DJ took a trip with the rest of 8th grade to Washington, D.C. (with a stop at King’s Dominion on the way home!).  The picture to the left is actually from our D.C. trip in January. DJ doesn’t have her phone with her, so she hasn’t sent any pictures from this trip. Funny story about that phone….

Apparently the students were asked to not take their phones, only DJ heard from others that some parents were letting them. She told Danny she wanted to take her phone just to call/text to check in at night. Danny told her he didn’t think she was supposed to but he would check with some other parents to see what they were doing. But the discussion was interrupted and Danny forgot what was finally decided upon.

When the phone wasn’t where Danny thought he had last seen it when DJ left, he thought perhaps she had taken it with her. He wasn’t exactly ticked, because he admitted they had never really settled the matter. But he wasn’t exactly happy either. I was actually kind of curious as to how he would handle. But then I spotted her phone in her room. What a kid.

Blue Streak

One thing I like about the girls’ school is the traditions they have and keep year after year. One of the best is Blue-White Day, where the school is split down the middle–half Blue, half White–and the two sides compete against each other in a series of activities. Then the points are tallied and one side reigns supreme for the year.

it's not whether you win or lose, it's how you gear up beforehand

From what I’ve been told, White had been dominant for a number of years. But last year we reversed that trend, when the 3rd-5th grade Blue team members rallied late for the win. I was actually in attendance; Stephanie was a little upset at the time that Lisa would not be in attendance as she had been for every Blue-White Day. The Tanner girls don’t win a lot of heats in the competition, so it’s nice to get a hug for the effort. I filled in for Lisa, who did her part by smiling down upon the Blue team (or maybe to point talliers).

Well, Blue kept it going this year with another overall win! Stephanie practiced her hula-hooping and did her best. DJ was on a Blue basketball team…and had a cool outfit. I actually was unable to make it to this year’s Blue-White Day because….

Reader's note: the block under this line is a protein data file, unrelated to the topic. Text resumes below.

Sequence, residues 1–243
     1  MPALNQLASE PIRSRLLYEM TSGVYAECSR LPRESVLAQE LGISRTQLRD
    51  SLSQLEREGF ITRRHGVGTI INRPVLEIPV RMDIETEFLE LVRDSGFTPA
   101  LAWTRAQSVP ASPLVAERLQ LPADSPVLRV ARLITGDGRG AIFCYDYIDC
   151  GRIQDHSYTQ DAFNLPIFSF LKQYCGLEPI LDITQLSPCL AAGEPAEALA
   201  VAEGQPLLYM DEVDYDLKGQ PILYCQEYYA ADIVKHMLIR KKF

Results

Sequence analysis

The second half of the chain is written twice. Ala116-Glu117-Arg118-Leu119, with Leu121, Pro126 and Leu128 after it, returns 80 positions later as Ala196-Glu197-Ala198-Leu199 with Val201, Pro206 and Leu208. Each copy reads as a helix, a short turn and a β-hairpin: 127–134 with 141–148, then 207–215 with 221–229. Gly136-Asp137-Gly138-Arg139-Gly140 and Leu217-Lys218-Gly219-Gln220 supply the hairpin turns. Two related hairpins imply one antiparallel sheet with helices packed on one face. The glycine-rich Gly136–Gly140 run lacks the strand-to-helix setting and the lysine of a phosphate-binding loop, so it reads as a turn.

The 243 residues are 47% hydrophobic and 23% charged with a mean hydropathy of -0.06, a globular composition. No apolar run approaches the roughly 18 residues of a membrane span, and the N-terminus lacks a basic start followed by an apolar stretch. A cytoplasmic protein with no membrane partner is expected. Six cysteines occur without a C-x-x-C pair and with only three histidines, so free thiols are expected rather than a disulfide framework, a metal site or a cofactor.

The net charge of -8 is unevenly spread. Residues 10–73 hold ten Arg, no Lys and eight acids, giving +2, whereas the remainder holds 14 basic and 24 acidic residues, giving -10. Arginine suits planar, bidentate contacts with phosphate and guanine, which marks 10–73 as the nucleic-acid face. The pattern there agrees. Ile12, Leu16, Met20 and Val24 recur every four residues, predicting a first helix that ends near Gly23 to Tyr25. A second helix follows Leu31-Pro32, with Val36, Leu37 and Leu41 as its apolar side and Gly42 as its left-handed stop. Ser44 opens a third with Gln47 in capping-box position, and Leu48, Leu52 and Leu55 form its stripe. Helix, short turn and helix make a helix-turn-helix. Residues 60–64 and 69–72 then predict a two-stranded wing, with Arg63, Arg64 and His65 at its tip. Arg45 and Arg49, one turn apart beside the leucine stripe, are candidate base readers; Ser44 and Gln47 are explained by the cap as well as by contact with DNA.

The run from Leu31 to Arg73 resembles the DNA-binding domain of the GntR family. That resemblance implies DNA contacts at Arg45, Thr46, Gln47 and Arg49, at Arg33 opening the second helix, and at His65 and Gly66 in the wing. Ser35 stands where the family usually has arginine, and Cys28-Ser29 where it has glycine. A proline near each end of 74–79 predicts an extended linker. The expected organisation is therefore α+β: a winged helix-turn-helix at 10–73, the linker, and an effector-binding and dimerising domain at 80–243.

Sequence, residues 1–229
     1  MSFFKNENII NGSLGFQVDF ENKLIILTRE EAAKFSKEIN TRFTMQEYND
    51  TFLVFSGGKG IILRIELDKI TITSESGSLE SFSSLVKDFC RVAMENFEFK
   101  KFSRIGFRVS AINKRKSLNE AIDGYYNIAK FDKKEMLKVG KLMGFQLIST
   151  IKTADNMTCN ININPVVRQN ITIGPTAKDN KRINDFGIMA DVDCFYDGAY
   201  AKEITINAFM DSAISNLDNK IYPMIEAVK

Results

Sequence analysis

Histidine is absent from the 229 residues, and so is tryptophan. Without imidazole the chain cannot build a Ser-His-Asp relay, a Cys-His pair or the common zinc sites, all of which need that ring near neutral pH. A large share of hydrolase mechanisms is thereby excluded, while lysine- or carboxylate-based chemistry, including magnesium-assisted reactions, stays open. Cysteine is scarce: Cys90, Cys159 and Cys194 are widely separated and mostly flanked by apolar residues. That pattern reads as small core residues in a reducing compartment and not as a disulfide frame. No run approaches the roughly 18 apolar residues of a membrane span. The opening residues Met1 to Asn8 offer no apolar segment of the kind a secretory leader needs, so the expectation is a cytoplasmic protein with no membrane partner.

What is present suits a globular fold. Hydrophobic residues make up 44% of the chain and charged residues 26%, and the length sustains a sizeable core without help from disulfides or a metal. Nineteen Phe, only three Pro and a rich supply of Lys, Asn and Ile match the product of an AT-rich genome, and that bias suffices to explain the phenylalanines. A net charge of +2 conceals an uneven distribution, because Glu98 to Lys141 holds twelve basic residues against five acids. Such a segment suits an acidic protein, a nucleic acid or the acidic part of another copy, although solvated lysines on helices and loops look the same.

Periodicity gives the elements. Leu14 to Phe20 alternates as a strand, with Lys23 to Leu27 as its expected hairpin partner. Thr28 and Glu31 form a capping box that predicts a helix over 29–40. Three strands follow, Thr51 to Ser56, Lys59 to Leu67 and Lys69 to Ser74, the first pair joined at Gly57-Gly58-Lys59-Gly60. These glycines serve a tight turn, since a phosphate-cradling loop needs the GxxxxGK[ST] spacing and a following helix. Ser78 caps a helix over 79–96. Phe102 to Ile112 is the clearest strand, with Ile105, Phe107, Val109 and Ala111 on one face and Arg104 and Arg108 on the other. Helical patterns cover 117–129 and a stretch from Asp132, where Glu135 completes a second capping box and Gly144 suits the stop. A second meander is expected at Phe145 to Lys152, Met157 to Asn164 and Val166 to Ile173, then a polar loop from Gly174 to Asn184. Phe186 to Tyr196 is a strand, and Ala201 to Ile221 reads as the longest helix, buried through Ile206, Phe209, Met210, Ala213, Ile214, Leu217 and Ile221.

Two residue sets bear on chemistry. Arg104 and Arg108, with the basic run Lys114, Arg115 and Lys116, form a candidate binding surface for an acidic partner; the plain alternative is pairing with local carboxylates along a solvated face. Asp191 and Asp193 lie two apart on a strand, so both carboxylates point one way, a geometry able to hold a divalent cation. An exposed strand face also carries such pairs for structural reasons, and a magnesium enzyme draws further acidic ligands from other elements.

Working Man

I’m starting a new job Monday. Overall this is a good thing, but it’s been a bit of a tough sell around the Tanner house. Stephanie wanted me to come to Blue-White Day again, but I had to train at the new job. I won’t be able to substitute teach and be around the school quite as much. I won’t be able to stop by for lunch (I wouldn’t say this was a weekly occurrence any way, but I did drop in with some Panera from time to time).

But they’ve been happy for me, too. Stephanie told me she was proud of me when I told her I’d be on the radio every day.

Have a good weekend, Real Full House readers.

You Never Even Call Me By My (First) Name

Posted by Jesse

We should all just have one name like Rihanna.

Danny’s got business out of town this weekend, which means I’ll be handling the girls, which on the weekend typically means releasing them to or receiving them from other parents in a series of social events and recreational activities. Take one to the mall, take two to tennis lessons, get back the one from the mall plus a friend, send one to a birthday party with a car pool, drop another at a play date and have her dropped back off later….the usual. I can generally handle it, plus the girls know roughly where they’re supposed to be when, PLUS Danny types every move up on a schedule he leaves on the kitchen counter when he departs (note: he’s a bit of a nerd, but I’m really not cracking on him here. If I were leaving my kids with me, I’d leave a few notes around. And call. Often)

But what I really need is for him to start typing the names of the adults I am likely to encounter on these activities. Full names. Because I have this conversation a lot:

Kimmy Gibbler’s Dad: “Well, I think Stephanie and Kimmy had a great time at the party.”

Me: “I’m sure they did. Thanks again for driving, Mr. Gibbler”

Kimmy Gibbler’s Dad: “Please, call me Tom.”